The Pentagon is expected to select either Boeing’s X-32 or Lockheed Martin’s X-35 for its JSF in March 2001. The winner will land a huge prize: a program that could be worth $300 billion if all 6,000 projected aircraft are eventually built.
Air Force Defends Airborne Laser
Air Force officials are defending the Airborne Laser program against charges the program faces too much technological risk. The system is also known as the YAL-1 Attack Laser.
A restructuring that stretches the program by a year and adds more risk reduction testing should take care of the problem, according to service and contractor officials.
A report by Gen. Robert T. Marsh, USAF (Ret.), sent to Congress March 18 concluded that ABL officials had outlined too little testing in such areas as atmospheric measurement. It endorsed the proposed program restructure, however, and spoke enthusiastically of the potential of the system.
If achieved, the ability to deliver lethal doses of electromagnetic energy from an aircraft onto distant targets at the speed of light will represent a truly revolutionary weapon in the nation’s arsenal, said the Marsh study.
On March 5, acting Secretary of the Air Force F. Whitten Peters announced the creation of five mobility Aerospace Expeditionary Force lead wings designed to carry out such humanitarian missions as delivery of relief supplies. The five will complement the 10 combat Aerospace Expeditionary Force lead wings and two on-call Aerospace Expeditionary Wings whose fighters and bombers will remain committed to national security missions.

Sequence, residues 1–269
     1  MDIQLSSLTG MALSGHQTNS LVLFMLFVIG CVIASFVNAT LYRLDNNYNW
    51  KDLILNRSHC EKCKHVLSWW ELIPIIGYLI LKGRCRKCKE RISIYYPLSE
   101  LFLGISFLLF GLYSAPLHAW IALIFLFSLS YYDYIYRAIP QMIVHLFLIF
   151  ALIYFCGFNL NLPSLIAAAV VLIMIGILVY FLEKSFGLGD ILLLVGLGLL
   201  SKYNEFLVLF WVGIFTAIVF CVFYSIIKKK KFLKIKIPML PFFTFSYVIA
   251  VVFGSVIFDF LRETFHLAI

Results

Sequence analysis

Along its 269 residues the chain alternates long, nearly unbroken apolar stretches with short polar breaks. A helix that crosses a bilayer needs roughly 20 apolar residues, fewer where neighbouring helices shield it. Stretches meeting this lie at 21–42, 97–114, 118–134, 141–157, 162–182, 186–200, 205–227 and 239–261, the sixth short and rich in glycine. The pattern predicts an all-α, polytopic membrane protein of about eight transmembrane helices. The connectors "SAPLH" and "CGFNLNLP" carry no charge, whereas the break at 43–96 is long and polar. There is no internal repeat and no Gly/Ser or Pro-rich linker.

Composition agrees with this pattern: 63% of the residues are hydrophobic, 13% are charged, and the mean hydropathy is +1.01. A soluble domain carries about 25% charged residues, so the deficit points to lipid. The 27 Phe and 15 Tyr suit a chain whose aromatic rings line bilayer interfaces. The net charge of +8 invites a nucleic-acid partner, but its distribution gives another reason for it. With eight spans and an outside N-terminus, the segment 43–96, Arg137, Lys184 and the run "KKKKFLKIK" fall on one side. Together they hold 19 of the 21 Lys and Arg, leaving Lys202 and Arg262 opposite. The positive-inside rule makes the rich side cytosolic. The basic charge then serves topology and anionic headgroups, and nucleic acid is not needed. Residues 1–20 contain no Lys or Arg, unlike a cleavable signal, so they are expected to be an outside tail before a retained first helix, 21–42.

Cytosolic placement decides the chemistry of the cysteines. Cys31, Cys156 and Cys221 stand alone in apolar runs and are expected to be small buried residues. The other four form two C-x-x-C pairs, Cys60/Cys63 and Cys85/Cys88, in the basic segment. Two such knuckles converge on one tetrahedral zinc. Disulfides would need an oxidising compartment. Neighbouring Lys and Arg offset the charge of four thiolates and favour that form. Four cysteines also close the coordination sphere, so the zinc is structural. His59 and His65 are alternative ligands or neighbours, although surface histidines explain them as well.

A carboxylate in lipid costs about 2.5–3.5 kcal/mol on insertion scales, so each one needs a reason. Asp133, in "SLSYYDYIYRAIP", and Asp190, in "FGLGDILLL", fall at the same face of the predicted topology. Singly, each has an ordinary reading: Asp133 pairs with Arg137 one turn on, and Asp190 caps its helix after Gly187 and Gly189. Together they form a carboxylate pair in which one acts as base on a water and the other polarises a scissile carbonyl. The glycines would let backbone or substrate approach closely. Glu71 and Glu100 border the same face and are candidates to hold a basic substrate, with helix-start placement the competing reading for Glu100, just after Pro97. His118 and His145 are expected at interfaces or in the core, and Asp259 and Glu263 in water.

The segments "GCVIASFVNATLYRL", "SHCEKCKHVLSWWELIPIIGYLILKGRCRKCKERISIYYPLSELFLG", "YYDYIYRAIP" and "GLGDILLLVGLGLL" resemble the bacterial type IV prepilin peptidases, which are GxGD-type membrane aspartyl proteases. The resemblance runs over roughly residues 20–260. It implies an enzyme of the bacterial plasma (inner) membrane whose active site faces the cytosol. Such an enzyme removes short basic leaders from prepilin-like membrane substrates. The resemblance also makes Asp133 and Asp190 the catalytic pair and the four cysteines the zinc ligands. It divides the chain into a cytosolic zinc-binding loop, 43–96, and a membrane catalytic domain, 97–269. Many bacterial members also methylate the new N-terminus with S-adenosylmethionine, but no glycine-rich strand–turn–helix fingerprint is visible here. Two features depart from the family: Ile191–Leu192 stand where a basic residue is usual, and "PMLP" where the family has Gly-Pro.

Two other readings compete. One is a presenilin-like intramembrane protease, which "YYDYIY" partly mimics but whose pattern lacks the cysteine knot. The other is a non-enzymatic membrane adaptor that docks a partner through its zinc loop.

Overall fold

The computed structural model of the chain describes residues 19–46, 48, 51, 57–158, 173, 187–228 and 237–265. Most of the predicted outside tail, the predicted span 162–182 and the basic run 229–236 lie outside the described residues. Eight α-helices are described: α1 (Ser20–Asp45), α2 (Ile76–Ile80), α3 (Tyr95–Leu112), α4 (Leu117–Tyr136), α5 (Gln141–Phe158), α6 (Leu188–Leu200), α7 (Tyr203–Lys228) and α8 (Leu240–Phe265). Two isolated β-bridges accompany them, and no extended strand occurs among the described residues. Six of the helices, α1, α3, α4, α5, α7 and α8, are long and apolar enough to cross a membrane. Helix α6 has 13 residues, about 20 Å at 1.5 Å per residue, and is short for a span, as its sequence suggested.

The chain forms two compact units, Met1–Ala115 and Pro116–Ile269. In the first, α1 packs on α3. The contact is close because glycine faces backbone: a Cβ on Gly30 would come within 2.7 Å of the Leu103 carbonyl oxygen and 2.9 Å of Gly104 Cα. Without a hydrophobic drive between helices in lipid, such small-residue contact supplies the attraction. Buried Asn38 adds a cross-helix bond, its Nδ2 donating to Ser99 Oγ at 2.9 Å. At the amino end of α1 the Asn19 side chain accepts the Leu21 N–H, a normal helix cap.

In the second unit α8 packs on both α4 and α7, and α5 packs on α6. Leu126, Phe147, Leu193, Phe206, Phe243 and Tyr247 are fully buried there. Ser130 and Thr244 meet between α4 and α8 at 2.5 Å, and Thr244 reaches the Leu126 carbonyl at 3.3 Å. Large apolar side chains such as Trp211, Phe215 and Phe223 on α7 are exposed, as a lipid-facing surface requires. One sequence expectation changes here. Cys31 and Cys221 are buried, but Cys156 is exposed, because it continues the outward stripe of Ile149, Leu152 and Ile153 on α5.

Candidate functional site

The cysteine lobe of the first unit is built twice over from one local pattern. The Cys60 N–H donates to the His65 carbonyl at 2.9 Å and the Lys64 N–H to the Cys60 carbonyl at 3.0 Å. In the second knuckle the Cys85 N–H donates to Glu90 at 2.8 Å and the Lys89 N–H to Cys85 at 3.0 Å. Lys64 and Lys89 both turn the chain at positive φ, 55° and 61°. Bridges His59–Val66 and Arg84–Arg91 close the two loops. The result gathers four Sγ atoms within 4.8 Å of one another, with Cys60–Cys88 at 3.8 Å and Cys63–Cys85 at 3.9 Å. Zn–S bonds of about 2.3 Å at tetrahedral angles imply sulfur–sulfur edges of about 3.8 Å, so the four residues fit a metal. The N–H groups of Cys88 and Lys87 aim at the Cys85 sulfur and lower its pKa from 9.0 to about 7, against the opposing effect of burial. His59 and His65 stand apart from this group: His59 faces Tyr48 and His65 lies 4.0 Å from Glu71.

The mobility AEF wings will draw many of their forces from the other AEFs.
It was the experience of helping out after Hurricane Mitch that caused service leaders to realize they needed humanitarian AEWs, said Peters. Such airlift efforts require a different set of skills than patrolling over Iraq or Bosnia.
Both chambers of Congress in early March passed bills mandating deployment of a National Missile Defense system for the United States. Neither piece of legislation mentions a specific deployment date, but the Senate version does call for construction of such an NMD system “as soon as technologically possible.”
The votes-973 in the Senate and 317105 in the House-put more pressure on an administration that has proceeded down the NMD road in a more leisurely manner than many lawmakers would like.